"The prologue time trial won't be as long as last year's. In normal conditions, I believe I'll be able to finish amongst the first 25 and above all I don't think I'll lose many seconds. At that point I could even fight for the yellow jersey during the first stages that are suited to my style of racing."
Boonen also has a few thoughts on the points classifications. "The green jersey is one of my objectives. After this year's fall and subsequent pulling out of the race, I wasn't able to battle right up to Paris. I'll certainly be trying again next year, hoping to have a bit more luck than last year. Stage wins remain and are always a priority.
"I'm also happy that there won't be a team time trial. My teammates will have to work hard, just as they did this year, in preparation for the sprints. The fact that there won't be a TTT means one less physical exertion giving us that extra possibility of winning another stage."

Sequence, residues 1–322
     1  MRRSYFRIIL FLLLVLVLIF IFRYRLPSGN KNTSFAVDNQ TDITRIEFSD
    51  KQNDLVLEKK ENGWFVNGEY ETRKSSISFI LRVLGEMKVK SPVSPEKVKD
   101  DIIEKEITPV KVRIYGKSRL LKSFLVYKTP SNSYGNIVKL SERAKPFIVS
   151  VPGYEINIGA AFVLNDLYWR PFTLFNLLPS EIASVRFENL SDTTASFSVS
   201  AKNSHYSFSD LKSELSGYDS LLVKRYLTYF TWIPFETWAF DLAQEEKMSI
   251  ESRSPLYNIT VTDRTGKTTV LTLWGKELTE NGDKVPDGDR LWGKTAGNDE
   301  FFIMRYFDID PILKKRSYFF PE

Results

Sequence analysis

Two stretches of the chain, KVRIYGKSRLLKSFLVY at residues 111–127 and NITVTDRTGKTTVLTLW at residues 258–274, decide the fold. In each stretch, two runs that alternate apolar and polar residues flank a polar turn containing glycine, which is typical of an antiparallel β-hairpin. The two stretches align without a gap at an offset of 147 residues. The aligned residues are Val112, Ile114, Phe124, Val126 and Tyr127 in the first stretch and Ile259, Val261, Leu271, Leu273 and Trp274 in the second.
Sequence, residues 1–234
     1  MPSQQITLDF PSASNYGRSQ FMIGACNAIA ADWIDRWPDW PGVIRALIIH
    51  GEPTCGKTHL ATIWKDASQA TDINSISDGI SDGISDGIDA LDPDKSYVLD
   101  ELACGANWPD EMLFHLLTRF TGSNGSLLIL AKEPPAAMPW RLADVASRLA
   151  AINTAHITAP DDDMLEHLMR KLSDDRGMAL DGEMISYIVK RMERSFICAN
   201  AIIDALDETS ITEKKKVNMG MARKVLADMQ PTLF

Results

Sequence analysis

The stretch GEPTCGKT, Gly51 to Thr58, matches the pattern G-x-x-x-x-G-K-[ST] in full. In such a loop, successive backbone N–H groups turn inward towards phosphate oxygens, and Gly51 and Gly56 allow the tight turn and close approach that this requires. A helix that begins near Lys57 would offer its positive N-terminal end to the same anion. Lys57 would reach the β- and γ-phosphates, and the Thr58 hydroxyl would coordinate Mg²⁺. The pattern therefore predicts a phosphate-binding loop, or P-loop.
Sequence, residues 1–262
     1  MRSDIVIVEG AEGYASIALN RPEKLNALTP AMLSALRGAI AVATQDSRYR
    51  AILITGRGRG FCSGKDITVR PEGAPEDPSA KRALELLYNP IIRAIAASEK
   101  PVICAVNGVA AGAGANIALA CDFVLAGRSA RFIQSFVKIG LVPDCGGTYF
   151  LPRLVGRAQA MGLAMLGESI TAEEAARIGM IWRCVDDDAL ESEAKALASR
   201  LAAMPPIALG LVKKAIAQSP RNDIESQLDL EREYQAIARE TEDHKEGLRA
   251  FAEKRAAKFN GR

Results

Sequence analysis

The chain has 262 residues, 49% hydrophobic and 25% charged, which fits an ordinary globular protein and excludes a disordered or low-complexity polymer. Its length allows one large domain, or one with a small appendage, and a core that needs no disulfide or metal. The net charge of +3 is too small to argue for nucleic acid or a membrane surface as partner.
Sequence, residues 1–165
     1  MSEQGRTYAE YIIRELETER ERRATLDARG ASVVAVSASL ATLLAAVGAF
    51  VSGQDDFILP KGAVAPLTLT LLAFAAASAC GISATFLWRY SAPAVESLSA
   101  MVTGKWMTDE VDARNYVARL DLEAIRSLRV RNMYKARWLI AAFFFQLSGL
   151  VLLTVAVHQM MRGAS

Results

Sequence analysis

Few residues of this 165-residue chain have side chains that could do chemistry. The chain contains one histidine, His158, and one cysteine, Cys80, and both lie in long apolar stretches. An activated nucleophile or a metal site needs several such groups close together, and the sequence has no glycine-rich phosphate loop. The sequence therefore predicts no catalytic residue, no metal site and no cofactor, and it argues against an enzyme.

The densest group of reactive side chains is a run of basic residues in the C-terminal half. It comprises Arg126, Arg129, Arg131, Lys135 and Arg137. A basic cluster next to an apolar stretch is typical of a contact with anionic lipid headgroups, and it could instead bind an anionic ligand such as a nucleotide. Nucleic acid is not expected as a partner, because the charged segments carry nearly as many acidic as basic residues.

With regard to a possible winner of the Tour, Boonen said, "Lance Armstrong's absence from the race means there is a vacancy for a new title holder. We'll just have to wait and see who has the strength and capability of gaining this title, title that for years has belonged to the American champion."
More rider reactions
CSC signs Stuart O'Grady
32-year old Australian Stuart O'Grady will ride for Team CSC next year, official team sources say. O'Grady has signed a one year contract with the team and will be a big boost to the top ProTour squad. O'Grady rode for Cofidis this year, but left to join Giancarlo Ferretti's Sony-Ericsson team, which turned out not to exist. Like several other high profile riders, the talented Aussie was suddenly left without a team, and with many ProTour team budgets almost used up for next season, a lucrative contract was out of the question.